High levels of bad cholesterol are linked to certain medical conditions, such as stroke, heart attack and heart disease. While a large component of poor cholesterol levels is related to genetic makeup, that does not leave you powerless. By limiting your cholesterol intake, you give yourself a chance at a longer, healthier life. To limit your cholesterol intake effectively, it is important to understand what you need to avoid eating and also what to eat so that you will be left feeling satisfied.
Limit your dietary cholesterol. In most people, the liver will produce all the cholesterol your body needs. When you consume cholesterol in your diet, your body has to process it. Only limited amounts of this dietary substance are able to be processed completely. For this reason, it is suggested by the American Heart Association (AHA) that a healthy person eats no more than 300mg of dietary cholesterol a day, 200mg if you have heart disease.
Eliminate trans fats from your diet. Cholesterol comes from more than just plain dietary cholesterol. Trans fats are among the nastiest contributors to unhealthy cholesterol levels. To ensure your health, read your food labels and avoid fried foods that come without nutritional labels.
Replace saturated fats with unsaturated fats. The Centers for Disease Control (CDC) report that saturated fats typically raise blood cholesterol levels. However, unsaturated fats can actually lower these levels. Both monounsaturated and polyunsaturated fats share this benefit.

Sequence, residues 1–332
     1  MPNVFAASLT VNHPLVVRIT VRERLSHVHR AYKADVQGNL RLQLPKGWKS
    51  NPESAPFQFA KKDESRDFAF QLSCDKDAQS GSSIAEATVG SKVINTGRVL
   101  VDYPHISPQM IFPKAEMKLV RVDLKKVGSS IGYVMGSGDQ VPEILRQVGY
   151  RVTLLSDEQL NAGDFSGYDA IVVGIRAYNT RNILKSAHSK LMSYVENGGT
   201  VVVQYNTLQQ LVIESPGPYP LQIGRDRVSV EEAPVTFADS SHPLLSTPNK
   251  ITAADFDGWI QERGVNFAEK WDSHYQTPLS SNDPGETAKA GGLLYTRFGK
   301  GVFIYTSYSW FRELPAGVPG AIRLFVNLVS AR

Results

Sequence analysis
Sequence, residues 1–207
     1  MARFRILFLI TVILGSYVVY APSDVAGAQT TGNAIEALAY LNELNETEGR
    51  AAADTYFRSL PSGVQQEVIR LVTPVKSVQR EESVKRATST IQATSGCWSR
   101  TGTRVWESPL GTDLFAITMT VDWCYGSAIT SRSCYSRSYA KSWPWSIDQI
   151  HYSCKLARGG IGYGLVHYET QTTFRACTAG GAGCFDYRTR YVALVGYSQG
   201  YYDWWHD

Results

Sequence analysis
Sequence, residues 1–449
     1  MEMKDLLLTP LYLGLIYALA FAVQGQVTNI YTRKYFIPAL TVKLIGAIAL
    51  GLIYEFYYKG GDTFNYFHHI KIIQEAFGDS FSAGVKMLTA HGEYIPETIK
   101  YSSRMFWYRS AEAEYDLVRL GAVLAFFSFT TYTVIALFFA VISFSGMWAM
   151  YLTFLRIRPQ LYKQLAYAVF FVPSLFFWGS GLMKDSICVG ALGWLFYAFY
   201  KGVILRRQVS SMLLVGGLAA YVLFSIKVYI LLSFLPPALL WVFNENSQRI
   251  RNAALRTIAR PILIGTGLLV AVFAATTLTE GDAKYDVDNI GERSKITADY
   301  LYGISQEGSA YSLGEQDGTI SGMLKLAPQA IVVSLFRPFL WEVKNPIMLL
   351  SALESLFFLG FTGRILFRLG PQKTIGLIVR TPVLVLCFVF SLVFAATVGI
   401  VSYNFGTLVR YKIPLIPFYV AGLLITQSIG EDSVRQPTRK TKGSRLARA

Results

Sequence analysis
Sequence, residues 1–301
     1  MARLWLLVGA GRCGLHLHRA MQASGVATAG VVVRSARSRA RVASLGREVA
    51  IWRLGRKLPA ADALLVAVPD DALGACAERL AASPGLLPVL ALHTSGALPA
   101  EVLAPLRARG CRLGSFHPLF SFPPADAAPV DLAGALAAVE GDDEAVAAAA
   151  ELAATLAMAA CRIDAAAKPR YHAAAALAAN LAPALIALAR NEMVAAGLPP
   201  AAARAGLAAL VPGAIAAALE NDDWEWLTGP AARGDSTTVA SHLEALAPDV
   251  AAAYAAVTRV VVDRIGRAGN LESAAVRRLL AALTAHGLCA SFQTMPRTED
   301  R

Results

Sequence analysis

Eat more fruits and veggies. The AHA insists that dietary cholesterol is only found in animal sources, like red meats and dairy products. Replacing a few animal products with plant products will help reduce the amount of cholesterol you consume.
Consume more whole grain foods. Grains do not contain cholesterol. Whole grains, however, have added benefits. They are high in fiber, meaning they are great for overall heart health, lowering cholesterol and filling you up so you will be less tempted to eat the unhealthy foods you sometimes crave.
Enjoy more foods rich in omega-3 fatty acids. The Mayo Clinic reports that omega-3s reduce bad cholesterol levels. For the most part, these fatty acids can be found in fish. Since you should limit your red meat intake, replacing meat with fish may help the transition. However, if you are not a fan of fish, you can also get cleansing omega-3s from nuts and seeds.
- If you have a family history of heart disease and high cholesterol, dietary changes may not be enough to make a difference. Speak with your physician to ensure your good health.
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